Kate is married and has a young son. She can’t bear the thought of her child growing up without her.
One interviewer asked Kate if her prayers have changed since her diagnosis.
Here’s what Kate said:
I think maybe [they have] because I think I don’t have the luxury of being too sophisticated anymore. I mean, you just get infected with this urgency that comes with facing your death. And so I pray for very basic things. Please, God, make me kind and open to the pain of the world. Please, God, heal me. Make me less of a dink and help me be a good mom and a wife. I mean, just really basic stuff as opposed to maybe the more layered prayers that I was raised with or learned in theological school, which always have long…phrases like ever-loving and ever-living God…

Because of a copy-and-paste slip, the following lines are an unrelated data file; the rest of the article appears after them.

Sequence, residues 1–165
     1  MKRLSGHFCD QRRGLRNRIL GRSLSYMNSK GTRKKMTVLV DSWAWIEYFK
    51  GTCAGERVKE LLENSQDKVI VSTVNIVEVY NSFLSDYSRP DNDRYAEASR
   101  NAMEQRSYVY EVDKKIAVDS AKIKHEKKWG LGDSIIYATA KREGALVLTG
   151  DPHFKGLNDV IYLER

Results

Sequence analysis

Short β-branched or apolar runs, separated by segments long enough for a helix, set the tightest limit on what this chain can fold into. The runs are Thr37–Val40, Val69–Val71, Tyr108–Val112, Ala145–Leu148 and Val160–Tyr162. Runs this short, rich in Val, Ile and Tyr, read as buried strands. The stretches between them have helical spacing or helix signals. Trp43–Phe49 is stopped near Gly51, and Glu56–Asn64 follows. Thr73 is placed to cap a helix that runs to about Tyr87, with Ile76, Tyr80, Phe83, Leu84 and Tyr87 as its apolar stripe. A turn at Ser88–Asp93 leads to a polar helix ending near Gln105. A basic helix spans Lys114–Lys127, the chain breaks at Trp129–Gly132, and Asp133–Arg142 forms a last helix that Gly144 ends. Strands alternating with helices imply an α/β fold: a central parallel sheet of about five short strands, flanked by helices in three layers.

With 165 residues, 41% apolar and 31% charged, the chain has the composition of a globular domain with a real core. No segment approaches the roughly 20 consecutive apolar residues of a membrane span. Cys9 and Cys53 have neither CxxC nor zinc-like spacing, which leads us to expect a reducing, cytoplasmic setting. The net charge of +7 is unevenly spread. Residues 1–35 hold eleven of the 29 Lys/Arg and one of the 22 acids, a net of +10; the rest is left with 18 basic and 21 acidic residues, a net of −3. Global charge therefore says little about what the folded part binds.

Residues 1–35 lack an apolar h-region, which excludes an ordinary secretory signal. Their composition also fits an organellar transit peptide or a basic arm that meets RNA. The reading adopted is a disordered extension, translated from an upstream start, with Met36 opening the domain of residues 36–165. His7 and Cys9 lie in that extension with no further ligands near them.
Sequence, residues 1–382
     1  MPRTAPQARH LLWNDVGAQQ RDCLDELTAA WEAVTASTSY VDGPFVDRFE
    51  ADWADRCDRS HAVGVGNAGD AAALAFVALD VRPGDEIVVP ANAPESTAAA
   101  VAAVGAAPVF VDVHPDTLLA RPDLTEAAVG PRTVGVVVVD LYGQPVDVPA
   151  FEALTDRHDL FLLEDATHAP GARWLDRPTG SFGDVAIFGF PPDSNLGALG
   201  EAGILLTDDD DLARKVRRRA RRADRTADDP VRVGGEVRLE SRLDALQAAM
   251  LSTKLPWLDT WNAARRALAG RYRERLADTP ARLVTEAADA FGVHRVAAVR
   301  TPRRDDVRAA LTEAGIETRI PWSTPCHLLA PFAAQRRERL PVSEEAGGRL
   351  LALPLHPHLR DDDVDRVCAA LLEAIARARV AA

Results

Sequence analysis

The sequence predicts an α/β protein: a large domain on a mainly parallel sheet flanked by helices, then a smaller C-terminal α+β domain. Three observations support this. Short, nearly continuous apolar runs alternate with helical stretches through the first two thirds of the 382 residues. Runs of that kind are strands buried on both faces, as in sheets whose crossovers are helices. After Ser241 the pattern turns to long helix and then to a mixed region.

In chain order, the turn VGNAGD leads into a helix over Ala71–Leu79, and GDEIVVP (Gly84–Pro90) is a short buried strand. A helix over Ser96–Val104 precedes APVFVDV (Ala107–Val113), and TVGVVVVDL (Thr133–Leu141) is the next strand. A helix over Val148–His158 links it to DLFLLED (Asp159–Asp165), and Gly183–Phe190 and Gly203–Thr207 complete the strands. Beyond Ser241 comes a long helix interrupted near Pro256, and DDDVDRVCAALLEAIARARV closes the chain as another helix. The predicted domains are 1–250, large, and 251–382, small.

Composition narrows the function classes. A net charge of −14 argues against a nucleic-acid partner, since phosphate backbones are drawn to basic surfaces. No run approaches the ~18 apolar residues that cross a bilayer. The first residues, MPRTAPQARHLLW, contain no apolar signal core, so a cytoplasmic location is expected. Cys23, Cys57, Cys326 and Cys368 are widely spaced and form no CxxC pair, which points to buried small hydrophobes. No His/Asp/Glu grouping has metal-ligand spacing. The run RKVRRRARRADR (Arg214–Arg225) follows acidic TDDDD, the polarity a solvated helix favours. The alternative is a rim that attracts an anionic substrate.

I think Kate has a lot to teach us, starting with the simplicity of these prayers. Please, God, make me kind and open to the pain of the world. Please, God, heal me.
Big ideas in simple sentences. There’s something powerful about that. Remember that you are dust, and to dust you shall return. Please, God, heal me.
I heard someone say recently that all Christians need to know at least one verse for how to confess their sins.[ii] We sometimes think that our confession has to be elaborate, and certainly on days like Ash Wednesday, we tend to use more words rather than fewer to name our sinfulness. We did it just a few minutes ago. But from day to day and week to week, maybe less is more.